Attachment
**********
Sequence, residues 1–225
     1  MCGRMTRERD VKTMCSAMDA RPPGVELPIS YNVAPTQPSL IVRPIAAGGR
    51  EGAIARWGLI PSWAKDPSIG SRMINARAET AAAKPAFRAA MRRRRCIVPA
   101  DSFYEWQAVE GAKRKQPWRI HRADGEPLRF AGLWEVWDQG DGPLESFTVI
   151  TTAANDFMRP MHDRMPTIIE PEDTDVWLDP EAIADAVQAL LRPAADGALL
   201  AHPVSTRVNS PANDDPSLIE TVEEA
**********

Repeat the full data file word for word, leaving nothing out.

Sequence, residues 1–225
     1  MCGRMTRERD VKTMCSAMDA RPPGVELPIS YNVAPTQPSL IVRPIAAGGR
    51  EGAIARWGLI PSWAKDPSIG SRMINARAET AAAKPAFRAA MRRRRCIVPA
   101  DSFYEWQAVE GAKRKQPWRI HRADGEPLRF AGLWEVWDQG DGPLESFTVI
   151  TTAANDFMRP MHDRMPTIIE PEDTDVWLDP EAIADAVQAL LRPAADGALL
   201  AHPVSTRVNS PANDDPSLIE TVEEA